“And now …” he inhaled deeply, ” … now you show your true nature by demanding to know the very things you claim are no one’s business — how I earn my income and on what I choose to spend it. Mrs. Harbibi, might I remind you, is voluntarily negotiating to sell her land and I am not forcing anyone to comply with my plans and hopes of improving this wretched, inbred, congenitally deficient dust-bowl of a town. I am, in short, embodying precisely the values you claim to cherish. And I will continue to do so regardless of what anyone — anyone — else thinks of the matter. Now, good day, sir.”
He motioned for Mirabelle and Tonio, threw a handful of silver coins onto the table, and strode away. Mirabelle meekly left her melting sundae and followed. Tonio stood, then hesitated, looking after his retreating father, then at Nat. His normally dark complexion had the pallor of vanilla ice cream.
“I’m sorry, boy,” Nat told him. “Shouldn’ta done that in front of ya.”
“I … yeah. Probably not. But that’s okay, Mr. Lyons. I’m glad I heard it. I’m not upset with you.” He paused as if he wanted to say more, then thought better of it and started after his father.
Nat put out a gently restraining arm. “Another thing. Diff’rent subject. Y’r sister’s doin’ real good out there at the range. Think mebbe it’s time to put her in with a group o’ kids. You int’rested in takin’ an intermediate shooting class?”
“I don’t have …”
“At my expense. My treat.”
Tonio brightened. “Are you sure? Really?” Nat nodded. “Heck, yeah, Mr. Lyons. Just tell me when and I’ll be there.”
* * *
Nat and Brad went around town over the next few days, choosing teenagers and a few younger kids to share Jen’s shooting classes.
Nat also had a few other talks.
He talked with Charlotte Carolina, who confirmed what he already guessed. “That man? Have millions of dollars — or even thousands of Hardyville dollars — of his own? Don’t kid me! He’s always liked living big, but on other people’s funds. Anything he ever got of his own, he squandered. Trust me, this I know. Investors? Maybe. But who? I have no idea.”
He talked with the Grieving Widow Harbibi, who unwrapped herself from the arms of John Davis Melvin long enough to say, “None of your business. I’m just tired of hogs and hog slop and think I might like to … oh, take a sea cruise. Visit Paris. Live a little, you know?” She giggled grotesquely.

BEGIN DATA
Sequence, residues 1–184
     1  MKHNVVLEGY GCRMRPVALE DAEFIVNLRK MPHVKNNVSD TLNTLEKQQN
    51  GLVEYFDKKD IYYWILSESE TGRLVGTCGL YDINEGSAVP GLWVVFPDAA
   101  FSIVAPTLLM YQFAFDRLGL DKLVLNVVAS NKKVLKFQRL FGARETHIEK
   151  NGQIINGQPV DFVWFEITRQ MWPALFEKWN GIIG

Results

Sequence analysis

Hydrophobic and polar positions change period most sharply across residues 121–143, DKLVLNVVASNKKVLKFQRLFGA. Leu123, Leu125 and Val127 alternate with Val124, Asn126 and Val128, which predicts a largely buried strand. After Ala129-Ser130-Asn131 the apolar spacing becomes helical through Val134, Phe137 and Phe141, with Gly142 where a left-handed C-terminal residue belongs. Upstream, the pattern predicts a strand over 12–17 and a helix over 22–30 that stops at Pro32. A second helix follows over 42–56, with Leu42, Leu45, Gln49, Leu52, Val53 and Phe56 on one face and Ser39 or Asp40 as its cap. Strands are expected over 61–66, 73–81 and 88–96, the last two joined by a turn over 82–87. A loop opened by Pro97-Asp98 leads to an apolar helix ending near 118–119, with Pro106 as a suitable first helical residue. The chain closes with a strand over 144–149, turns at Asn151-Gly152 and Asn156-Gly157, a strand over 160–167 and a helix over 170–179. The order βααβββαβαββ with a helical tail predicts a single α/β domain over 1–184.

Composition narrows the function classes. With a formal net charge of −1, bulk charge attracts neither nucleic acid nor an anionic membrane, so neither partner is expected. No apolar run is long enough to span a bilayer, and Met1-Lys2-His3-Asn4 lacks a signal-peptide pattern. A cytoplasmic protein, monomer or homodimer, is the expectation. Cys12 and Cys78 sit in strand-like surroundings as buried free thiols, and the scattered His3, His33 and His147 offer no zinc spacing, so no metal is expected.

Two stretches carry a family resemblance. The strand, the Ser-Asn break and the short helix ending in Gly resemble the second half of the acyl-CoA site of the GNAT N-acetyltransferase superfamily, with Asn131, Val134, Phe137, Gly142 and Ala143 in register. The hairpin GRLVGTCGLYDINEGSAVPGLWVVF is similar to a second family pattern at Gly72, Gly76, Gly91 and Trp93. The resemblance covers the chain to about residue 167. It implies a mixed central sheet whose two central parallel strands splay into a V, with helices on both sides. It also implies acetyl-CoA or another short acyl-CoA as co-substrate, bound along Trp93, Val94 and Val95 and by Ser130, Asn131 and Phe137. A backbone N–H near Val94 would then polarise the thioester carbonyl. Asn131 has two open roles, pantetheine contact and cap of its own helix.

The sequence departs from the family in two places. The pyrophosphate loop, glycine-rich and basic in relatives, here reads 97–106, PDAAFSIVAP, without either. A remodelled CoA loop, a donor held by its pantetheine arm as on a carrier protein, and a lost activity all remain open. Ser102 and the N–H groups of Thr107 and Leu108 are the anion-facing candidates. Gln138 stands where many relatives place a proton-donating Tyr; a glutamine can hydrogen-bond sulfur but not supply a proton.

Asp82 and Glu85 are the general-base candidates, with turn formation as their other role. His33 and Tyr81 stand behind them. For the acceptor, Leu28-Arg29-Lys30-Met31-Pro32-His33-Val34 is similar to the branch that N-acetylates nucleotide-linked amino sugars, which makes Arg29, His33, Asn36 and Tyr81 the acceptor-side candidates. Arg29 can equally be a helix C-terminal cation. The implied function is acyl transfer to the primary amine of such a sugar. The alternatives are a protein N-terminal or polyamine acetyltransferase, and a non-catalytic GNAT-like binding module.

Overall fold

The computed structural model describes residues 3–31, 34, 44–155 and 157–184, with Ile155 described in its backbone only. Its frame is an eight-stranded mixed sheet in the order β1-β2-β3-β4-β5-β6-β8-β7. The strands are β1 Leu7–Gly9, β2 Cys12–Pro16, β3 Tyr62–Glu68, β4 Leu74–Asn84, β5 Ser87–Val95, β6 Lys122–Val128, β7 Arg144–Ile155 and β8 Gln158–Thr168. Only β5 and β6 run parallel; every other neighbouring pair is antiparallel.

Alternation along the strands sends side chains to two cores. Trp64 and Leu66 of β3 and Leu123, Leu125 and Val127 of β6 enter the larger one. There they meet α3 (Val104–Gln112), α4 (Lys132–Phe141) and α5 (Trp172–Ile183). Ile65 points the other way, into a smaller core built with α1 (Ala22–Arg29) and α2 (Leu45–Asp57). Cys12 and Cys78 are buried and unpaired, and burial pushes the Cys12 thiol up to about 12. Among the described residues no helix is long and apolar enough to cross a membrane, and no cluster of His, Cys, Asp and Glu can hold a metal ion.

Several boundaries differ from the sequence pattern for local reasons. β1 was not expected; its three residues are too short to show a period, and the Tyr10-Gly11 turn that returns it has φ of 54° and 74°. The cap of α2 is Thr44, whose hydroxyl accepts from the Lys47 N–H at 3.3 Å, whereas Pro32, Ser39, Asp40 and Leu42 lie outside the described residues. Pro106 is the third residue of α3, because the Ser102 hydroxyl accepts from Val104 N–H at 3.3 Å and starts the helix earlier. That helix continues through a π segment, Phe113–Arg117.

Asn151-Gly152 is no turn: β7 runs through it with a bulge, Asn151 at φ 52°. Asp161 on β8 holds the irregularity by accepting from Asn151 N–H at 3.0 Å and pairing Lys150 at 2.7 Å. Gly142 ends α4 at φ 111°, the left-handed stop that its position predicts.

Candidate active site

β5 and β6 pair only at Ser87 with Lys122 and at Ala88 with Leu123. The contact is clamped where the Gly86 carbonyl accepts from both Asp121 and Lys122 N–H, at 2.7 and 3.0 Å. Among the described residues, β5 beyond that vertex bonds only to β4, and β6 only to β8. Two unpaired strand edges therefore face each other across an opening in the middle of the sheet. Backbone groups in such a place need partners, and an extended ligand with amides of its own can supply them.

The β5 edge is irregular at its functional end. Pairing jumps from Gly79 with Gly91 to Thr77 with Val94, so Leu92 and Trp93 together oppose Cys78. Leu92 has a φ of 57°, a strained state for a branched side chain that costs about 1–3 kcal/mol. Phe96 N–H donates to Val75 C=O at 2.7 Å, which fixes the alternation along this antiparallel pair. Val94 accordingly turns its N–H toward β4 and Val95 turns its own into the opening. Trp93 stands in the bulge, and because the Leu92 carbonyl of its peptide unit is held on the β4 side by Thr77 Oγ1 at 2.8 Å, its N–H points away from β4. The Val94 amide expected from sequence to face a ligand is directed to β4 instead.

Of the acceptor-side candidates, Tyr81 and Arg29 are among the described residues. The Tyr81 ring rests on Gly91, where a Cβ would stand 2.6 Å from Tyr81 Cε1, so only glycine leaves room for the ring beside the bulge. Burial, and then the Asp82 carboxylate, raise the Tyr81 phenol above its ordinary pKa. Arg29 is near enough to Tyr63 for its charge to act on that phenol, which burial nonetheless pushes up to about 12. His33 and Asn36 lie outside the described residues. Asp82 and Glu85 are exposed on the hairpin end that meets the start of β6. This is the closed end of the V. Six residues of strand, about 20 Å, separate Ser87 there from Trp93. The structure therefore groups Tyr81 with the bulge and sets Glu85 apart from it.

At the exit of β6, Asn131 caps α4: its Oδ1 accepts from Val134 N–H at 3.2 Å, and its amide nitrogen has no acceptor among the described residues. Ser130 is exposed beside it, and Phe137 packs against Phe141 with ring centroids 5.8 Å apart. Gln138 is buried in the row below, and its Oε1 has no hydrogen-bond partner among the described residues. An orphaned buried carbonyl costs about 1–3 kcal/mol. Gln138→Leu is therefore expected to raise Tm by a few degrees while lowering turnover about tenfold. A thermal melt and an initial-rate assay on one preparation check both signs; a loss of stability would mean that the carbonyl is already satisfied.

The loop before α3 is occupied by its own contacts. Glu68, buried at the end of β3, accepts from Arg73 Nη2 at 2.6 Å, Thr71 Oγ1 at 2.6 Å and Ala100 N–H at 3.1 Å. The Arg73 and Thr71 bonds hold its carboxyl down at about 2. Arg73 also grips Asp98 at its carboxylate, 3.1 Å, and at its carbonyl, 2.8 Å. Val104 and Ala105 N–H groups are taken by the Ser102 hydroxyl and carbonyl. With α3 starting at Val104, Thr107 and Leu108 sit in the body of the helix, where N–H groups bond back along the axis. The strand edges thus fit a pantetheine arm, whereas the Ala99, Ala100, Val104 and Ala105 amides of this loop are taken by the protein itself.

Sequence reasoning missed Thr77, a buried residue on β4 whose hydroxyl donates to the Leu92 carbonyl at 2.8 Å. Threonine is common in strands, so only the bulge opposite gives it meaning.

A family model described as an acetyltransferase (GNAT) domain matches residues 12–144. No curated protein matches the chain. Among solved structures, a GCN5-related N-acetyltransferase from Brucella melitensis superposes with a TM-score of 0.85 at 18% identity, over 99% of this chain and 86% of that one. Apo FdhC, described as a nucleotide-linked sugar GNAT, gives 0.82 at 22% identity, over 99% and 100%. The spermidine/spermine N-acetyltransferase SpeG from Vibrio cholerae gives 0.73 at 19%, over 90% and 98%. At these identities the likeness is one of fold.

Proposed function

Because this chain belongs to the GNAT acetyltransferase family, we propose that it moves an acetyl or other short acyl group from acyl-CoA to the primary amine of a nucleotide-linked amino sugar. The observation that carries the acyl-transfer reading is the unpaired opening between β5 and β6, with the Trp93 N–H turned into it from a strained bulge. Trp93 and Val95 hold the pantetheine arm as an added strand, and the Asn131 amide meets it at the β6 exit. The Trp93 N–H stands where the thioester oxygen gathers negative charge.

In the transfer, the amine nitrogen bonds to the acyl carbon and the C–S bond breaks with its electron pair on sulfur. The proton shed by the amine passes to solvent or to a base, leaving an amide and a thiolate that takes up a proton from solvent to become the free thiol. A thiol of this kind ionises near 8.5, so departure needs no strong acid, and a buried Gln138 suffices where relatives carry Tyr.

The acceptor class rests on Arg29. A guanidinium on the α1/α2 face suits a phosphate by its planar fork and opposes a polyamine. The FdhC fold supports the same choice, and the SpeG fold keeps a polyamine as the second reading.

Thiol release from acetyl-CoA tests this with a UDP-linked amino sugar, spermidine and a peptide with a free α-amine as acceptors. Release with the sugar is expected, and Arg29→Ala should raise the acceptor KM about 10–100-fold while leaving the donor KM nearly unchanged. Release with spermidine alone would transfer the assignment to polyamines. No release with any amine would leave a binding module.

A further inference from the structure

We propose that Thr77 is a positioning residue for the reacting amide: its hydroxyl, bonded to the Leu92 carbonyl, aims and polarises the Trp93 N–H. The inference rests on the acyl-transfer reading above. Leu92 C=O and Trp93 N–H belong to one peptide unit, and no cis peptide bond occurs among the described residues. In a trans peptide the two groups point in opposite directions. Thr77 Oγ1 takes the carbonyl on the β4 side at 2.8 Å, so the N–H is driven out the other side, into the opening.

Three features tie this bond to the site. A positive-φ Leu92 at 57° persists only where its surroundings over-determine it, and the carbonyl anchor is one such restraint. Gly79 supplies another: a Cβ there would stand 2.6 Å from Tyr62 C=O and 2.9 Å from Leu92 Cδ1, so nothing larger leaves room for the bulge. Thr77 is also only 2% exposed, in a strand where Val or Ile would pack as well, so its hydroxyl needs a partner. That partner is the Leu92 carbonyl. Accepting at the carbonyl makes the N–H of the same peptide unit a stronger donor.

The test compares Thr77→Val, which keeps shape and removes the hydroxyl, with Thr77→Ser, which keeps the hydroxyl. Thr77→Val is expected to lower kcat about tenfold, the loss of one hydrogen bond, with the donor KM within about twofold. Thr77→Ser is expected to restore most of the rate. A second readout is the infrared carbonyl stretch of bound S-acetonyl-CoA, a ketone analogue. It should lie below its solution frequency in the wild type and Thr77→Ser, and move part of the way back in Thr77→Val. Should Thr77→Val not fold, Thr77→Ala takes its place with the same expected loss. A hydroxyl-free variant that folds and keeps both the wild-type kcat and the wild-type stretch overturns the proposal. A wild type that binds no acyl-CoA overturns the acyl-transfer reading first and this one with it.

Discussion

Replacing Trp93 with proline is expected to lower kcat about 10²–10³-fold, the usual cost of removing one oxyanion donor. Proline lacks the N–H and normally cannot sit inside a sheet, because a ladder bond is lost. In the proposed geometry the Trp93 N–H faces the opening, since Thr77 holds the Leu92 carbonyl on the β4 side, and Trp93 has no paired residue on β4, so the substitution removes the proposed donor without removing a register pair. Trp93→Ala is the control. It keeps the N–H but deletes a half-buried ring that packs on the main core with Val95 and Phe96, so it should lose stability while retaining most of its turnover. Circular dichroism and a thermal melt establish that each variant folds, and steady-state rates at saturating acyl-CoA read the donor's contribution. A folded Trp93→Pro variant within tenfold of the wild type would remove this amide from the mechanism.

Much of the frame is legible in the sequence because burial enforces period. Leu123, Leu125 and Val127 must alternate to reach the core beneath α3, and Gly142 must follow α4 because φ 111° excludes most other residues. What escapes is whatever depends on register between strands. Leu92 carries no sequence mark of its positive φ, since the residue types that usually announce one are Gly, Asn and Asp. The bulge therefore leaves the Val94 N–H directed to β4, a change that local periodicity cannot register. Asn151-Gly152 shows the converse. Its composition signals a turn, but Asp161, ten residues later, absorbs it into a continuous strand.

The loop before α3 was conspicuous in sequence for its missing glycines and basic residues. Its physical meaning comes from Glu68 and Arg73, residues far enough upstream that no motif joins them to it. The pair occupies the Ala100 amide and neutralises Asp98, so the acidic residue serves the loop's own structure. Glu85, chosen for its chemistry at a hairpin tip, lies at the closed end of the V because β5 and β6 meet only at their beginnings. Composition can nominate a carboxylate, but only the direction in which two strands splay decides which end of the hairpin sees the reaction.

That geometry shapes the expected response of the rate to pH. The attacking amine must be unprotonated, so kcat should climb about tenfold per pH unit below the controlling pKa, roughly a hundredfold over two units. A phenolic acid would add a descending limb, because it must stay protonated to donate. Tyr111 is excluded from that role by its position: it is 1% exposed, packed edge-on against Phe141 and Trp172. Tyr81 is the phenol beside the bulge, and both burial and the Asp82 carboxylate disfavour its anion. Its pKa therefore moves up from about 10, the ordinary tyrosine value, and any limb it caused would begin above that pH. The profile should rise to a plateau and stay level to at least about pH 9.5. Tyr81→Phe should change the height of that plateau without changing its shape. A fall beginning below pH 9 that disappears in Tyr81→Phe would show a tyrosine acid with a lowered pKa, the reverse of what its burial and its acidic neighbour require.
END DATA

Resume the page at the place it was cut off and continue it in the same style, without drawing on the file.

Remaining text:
He talked with Marlene McCarty Lyons, his third cousin twice removed, who works at Hardyville Land and Title. “Now, Nat, you know I can’t disclose anything about a pending real-estate sale. You’re naughty even to ask.” Then she excused herself to answer a question at the front counter — and carefully left a file folder opened on her desk.
He talked with Bob-the-Nerd, “The offer on the Harbibi place is coming from something called ‘Paradise Unlimited,'” he said. “Incorporated in the Bahamas. No officers or stockholders named. Carolina has power of attorney, but no other known connection. What c’n ya find out?”
Bob shook his head. “Probably not much, Nat. This isn’t a job you and I have the resources for, not with it being overseas. Anyhow, Carolina’s right in a way. I don’t like what’s going on any more than you do, but it’s not really our business, is it?”
Nat glared at him. “Peaceful private business is private business. Agreed. Now, what if it turns out this isn’t?”
“Peaceful. Or private. Do you think it is? D’you smell roses? Or fertilizer?”
“Okay, I’ll see what I can find out.”
The Hardyville gossip network kept churning, as news of Nat’s conversation with Serrano got around.
* * *
Thirty miles west of Hardyville, Jennifer Carolina knew none of it. After caring for Nat’s horses and taking her shooting lessons — which now meant friendly competition with Tonio, Christian Goodin, two girls her own age, and a handful of younger kids — she sat outside her trailer every evening, alone but beginning to feel a little different about it.
Some evenings she even tried reading the books somebody had left in the trailer. Reading wasn’t her thing, but there were no video games, no Internet, no cell phones. Then, in a compartment under her bed she discovered a handful of nature guides.